We are indebted to ex Supply Assistant Gordon Hill for this wonderfully illuminating description of his wartime service in the destroyer HMAS Vendetta when based at Malta. His story was first published in the June 2010 edition of the Naval Historical Review, available on the Society website.
The George Cross Island Association Reunion in 2004 gave me the opportunity to revisit Malta. I knew that if I put off visiting the Island again after 64 years it was doubtful I would ever do so. Visiting Grand Harbour, the Docks, the infamous ‘Gut’, Valetta, Sliema, the country towns and villages evoked memories of both happy and sad days of Malta at war.
HMAS Vendetta and the four other destroyers of the V and W squadron from Australia were assigned to the 10th destroyer squadron of Admiral Cunningham’s Mediterranean fleet at Malta. We arrived in December 1939 and were soon exercising at sea. The war had not reached the Med’ and with the French fleet as allies we sailed supreme in Mare Nostrum, as the Romans called it. Two battle fleets were a magnificent sight and we five little Australian destroyers were proud to be a part of it; destroyer escort to this mighty armada.
We escorted convoys taking troops to Marseilles, exercised in the Atlantic and visited Gibraltar.
On 5 March 1940 I had my 21stbirthday in Marseilles, visiting the cabarets and dancing the night away. The French and British armies in the north would defeat the Germans, Poland would be liberated and the war would be over in no time. How quickly things changed. We evacuated troops from Marseilles to Palestine, the French fleet became our enemies and we returned to Malta.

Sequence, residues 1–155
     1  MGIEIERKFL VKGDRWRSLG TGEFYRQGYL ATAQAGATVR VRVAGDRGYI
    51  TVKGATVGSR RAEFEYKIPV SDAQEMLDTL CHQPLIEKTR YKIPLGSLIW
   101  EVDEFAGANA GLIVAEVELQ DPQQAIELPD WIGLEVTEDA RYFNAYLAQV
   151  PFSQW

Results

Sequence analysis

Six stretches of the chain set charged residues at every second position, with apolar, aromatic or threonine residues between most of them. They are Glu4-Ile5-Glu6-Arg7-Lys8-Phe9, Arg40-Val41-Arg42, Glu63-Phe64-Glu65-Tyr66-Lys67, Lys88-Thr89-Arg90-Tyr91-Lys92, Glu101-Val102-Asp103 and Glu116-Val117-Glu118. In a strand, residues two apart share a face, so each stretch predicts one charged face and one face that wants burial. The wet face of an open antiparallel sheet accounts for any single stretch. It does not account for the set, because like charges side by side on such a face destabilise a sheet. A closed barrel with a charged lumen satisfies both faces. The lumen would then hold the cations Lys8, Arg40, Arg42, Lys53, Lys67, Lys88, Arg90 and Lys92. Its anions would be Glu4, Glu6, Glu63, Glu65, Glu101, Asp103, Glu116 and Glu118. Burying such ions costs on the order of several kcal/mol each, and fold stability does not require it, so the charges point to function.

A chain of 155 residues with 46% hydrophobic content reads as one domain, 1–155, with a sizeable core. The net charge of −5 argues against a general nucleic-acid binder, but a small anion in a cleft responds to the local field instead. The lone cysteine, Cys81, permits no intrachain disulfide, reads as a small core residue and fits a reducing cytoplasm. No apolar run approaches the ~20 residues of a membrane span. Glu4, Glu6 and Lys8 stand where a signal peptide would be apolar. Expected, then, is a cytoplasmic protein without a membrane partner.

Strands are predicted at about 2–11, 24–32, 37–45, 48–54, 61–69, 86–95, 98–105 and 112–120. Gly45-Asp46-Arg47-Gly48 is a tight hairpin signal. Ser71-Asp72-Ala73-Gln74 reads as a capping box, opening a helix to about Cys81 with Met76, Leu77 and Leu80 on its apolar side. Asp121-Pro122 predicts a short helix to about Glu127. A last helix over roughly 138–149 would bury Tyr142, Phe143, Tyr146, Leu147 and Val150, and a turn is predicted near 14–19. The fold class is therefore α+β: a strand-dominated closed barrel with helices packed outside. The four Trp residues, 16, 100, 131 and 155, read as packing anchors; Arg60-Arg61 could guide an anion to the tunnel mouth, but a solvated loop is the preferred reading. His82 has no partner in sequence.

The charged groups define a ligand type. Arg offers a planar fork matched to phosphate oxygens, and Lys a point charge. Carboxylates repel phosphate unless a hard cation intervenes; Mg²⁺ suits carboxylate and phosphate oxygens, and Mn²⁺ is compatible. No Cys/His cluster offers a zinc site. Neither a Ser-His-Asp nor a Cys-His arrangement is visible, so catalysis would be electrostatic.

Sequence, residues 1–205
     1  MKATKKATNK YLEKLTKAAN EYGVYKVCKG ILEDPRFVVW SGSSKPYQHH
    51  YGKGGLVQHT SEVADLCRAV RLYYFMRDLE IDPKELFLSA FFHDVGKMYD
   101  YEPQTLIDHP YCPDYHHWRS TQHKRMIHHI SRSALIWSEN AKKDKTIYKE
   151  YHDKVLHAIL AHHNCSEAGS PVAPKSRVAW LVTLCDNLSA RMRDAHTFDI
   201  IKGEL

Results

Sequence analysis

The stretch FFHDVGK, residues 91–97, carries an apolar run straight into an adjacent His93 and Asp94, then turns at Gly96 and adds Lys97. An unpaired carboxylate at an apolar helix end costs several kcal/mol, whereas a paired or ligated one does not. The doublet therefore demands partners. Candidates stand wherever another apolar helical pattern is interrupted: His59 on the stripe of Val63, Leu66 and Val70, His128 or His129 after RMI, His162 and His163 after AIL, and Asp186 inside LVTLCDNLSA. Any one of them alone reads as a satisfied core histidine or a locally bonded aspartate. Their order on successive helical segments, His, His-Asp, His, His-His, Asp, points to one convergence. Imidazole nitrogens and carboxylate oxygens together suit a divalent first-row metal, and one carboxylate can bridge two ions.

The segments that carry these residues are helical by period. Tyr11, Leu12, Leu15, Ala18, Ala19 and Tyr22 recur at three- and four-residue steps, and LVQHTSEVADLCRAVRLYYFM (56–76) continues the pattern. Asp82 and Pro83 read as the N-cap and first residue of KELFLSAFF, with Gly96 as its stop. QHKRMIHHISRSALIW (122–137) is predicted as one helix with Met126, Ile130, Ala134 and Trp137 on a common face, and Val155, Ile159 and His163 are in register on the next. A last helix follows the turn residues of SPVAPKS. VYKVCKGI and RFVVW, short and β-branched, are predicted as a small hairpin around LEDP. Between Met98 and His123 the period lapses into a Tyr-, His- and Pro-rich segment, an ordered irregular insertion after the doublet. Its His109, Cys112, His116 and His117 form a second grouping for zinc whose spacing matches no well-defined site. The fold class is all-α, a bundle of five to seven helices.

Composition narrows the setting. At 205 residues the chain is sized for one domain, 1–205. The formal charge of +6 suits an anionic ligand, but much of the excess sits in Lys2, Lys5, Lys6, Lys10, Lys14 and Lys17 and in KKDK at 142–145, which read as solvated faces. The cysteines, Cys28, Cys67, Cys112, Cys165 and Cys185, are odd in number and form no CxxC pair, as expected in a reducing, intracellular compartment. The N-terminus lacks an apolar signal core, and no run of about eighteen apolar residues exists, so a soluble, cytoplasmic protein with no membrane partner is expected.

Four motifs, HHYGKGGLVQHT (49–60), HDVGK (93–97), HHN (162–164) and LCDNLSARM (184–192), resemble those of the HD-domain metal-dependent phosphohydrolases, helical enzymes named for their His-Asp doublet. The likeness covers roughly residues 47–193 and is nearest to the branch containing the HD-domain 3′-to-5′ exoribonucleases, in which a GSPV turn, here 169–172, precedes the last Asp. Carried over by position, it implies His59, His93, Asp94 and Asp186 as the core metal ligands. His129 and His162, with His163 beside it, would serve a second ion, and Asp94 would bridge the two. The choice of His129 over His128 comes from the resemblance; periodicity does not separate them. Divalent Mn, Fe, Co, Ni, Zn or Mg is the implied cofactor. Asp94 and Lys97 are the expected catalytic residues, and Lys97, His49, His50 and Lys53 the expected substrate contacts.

Vendetta was feeling her age after months at sea and it was decided to put her in dock at Malta for a refit. Grand Harbour was full of ships, plenty of sailors went ashore enjoying themselves. One favourite place in Valetta was ‘The Gut’ a street full of bars. I had a memorable evening with two shipmates and two English squaddies (soldiers) in a room over ‘Dirty Harry’s’ Bar. We sang and danced and one girl did the ‘Dance of the Seven Veils’. One soldier who had a magnificent voice and sang ‘My Prayer’ and ‘Indian Summer’, two songs I will never forget.
The ship’s company was divided in two. One half went to live and work with the British army RA 4thCoast Regiment and the other half, which I was unfortunate enough to be in, left to work on the ship during the day and to live in the NAAFI canteen. The canteen had facilities for showers and meals but we had to sleep on mess tables or benches, which at the time we thought nothing could be worse.
In dock Vendetta had one set of torpedo tubes removed and a high angle AA gun fitted, a 0.5 multiple machine gun replaced the small gun between the funnels, the mainmast lowered and sundry other work done by the dockyard workers. We carried out general maintenance and cleaned up the mess the dockyard workers invariably left behind each day. The upper deck soon had a new look. The boilers had been cleaned and the work on the engine refit commenced.
On the 10 June I left the ship and was walking to the canteen to shower and spend the evening ashore when two army officers excitedly told me ‘the balloon has gone up’ That expression took a while to sink in but I soon realised that Italy had come into the war. The immediate fear was an Italian invasion by sea and air.
Italy had a menacing naval potential. Her fleet boasted 5 battleships, 25 cruisers, 90 destroyers and nearly 100 submarines. Admiral Cunningham decided to move the units of his fleet in Malta to Alexandria leaving just a few destroyers and other small ships. Vendetta’s refit crew now became dockyard defence and we carried a 0.303 rifle or if lucky a 0.45 revolver with us at all times to guard against a parachute invasion.
Living in the NAAFI canteen was bad enough but we were now to be quartered in a tunnel alongside the ship in the graving dock. Fifty men took their hammocks and laid them on the damp tunnel floor and turned in. Next morning we were covered by bites from fleas that infested the walls of the tunnel. The only relief was to dive into the harbour. That tunnel was our home for four weeks while we worked on the ship.